Hampton, Va. -- Hampton University's new $5 million Broadcast Weather Antenna has captured its first image of Hurricane Matthew and will continue to capture images every hour in real time.
Dr. William Moore, Professor of Atmospheric and Planetary Sciences, said the infrared image shows precisely where the hurricane is at in real time.
HU's antenna will continue to capture real time images every hour. Currently, eleven different satellites are tracking and providing new data more than once per hour. The multiple satellite overpasses allow HU to provide frequent updates to meteorologists such as those working at the National Weather Service in Wakefield, VA, helping them to provide the most accurate forecasts for the region.
The HU Center for Atmospheric Research and Education announced that Hurricane Matthew became visible to the weather satellites being tracked by the HU Direct Broadcast Antenna on top of the Harbor Center building at approximately 11:30am EDT, Tuesday, October 4.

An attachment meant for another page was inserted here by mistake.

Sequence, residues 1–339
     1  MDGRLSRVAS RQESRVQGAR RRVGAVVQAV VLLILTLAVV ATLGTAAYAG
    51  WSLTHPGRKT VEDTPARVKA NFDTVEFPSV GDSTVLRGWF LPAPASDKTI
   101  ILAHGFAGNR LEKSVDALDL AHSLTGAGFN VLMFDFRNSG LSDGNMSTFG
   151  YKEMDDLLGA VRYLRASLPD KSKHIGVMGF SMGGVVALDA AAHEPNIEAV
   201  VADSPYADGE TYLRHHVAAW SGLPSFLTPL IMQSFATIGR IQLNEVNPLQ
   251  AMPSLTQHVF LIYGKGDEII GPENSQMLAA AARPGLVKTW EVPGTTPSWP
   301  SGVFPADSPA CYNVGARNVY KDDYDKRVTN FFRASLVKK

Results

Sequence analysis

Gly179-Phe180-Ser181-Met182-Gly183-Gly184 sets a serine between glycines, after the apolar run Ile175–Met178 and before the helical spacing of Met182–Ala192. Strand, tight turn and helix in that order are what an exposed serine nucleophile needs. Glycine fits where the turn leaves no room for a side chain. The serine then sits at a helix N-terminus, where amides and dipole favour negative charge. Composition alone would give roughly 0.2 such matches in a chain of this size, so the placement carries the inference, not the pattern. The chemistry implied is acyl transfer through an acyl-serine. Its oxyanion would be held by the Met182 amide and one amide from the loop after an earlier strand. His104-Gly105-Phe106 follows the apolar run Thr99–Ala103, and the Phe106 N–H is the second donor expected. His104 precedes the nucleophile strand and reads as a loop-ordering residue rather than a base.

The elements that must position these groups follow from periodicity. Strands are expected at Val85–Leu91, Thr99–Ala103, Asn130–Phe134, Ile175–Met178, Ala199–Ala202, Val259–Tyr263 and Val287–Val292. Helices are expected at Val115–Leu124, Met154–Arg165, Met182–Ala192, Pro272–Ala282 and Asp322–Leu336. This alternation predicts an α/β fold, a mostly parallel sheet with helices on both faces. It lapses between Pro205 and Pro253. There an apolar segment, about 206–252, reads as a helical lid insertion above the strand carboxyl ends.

The radio antenna, installed at the end of September, is fully functional and receives data from satellites orbiting the Earth whenever they are above the horizon. This gives the antenna an image of Earth, of over 2000 miles around Hampton.
In the image released by the scientists, the area viewed by the satellite on this particular overhead pass is shown in green overlain on the map of North America. The infrared image, acquired by the Moderate Resolution Imaging Spectroradiometer (MODIS) instrument on board NASA’s TERRA satellite, shows hurricane Matthew’s spiral cloud structure just entering the frame from the south.